Dean Baker Chat Rescheduled
The general theme at The Art of the Possible is a liberal-libertarian coalition -- or at least Entente -- against the authoritarianism of the contemporary GOP. One of the central themes in Baker's work, like mine, is the hypocrisy of most of the "free market" rhetoric coming from corporate apologists, and the large corporation as welfare case. That is a vitally important meme, from the standpoint of any liberal-libertarian project, serving as a basis for common action against the corporate state. And Baker is perhaps the single most prominent promoter of that meme in the American press. Once again, I quote from the Introduction to his book:
Political debates in the United States are routinely framed as a battle between conservatives who favor market outcomes, whatever they may be, against liberals who prefer government intervention to ensure that families have decent standards-of-living. This description of the two poles is inaccurate….
It is not surprising that conservatives would fashion their agenda in a way that makes it more palatable to the bulk of the population, most of whom are not wealthy and therefore do not benefit from policies that distribute income upward. However, it is surprising that so many liberals and progressives, who oppose conservative policies, eagerly accept the conservatives’ framing of the national debate over economic and social policy. This is comparable to playing a football game where one side gets to determine the defense that the other side will play. This would be a huge advantage in a football game, and it is a huge advantage in politics. As long as liberals allow conservatives to write the script from which liberals argue, they will be at a major disadvantage in policy debates and politics.
The conservative framing of issues is so deeply embedded that it has been widely accepted by ostensibly neutral actors, such as policy professionals or the news media that report on national politics. For example, news reports routinely refer to bilateral trade agreements, such as NAFTA or CAFTA, as “free trade” agreements. This is in spite of the fact that one of the main purposes of these agreements is to increase patent protection in developing countries, effectively increasing the length and force of government-imposed monopolies. Whether or not increasing patent protection is desirable policy, it clearly is not “free trade.”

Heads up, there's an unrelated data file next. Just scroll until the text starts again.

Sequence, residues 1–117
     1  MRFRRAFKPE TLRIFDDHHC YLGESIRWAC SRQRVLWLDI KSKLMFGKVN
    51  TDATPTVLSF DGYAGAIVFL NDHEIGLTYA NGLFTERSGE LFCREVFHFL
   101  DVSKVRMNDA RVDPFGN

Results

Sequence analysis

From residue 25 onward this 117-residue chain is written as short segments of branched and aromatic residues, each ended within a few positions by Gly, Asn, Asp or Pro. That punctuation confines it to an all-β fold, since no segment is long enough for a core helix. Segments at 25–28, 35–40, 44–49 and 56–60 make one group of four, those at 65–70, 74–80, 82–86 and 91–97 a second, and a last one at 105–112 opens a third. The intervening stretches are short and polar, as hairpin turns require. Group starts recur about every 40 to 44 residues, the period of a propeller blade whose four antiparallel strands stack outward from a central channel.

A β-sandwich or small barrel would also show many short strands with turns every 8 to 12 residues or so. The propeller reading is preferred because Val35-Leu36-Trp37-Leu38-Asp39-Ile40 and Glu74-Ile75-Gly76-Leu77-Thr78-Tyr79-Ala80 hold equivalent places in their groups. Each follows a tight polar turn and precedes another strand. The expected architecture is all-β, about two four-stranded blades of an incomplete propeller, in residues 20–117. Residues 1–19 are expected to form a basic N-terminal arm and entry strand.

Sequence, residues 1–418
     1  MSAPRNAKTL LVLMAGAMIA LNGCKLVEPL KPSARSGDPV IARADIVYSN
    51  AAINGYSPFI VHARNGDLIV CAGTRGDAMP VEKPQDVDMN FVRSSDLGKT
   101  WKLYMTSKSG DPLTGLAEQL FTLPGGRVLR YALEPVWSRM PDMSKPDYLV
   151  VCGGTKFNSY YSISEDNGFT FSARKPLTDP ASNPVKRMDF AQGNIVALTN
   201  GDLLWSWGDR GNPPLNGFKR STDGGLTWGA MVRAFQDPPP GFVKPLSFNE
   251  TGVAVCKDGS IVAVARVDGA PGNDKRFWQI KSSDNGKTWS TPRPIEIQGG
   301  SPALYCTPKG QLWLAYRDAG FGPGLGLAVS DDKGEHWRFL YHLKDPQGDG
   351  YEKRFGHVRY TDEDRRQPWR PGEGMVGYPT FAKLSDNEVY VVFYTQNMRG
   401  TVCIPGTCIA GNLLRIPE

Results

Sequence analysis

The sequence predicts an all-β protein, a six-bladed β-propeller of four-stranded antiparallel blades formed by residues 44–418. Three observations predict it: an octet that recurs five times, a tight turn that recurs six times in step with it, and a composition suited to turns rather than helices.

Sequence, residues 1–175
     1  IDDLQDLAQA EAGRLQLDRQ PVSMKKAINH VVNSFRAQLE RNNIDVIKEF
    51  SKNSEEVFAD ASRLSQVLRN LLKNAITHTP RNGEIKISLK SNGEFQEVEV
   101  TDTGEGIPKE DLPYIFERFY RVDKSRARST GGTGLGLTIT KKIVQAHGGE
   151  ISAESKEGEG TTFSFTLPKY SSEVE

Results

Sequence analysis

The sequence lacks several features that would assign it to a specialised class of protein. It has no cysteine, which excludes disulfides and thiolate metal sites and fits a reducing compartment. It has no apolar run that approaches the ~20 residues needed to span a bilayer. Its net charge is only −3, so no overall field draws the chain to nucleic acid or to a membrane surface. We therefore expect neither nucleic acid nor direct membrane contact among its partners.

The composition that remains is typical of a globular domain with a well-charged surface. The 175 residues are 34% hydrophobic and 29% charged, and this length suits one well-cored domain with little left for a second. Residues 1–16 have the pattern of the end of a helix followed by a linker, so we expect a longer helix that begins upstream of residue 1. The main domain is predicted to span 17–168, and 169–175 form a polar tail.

It is clever policy for proponents of these agreements to label them as “free trade” agreements…, but that is not an excuse for neutral commentators to accept this definition….
Unfortunately, the state of the current debate on economic policy is even worse from the standpoint of progressives. Not only have the conservatives been successful in getting the media and the experts to accept their framing and language, they have been largely successful in getting their liberal opponents to accept this framing and language, as well. In the case of trade policy, opponents of NAFTA-type trade deals usually have to explain how they would ordinarily support “free trade,” but not this particular deal. Virtually no one in the public debate stands up and says that these trade deals have nothing to do with free trade….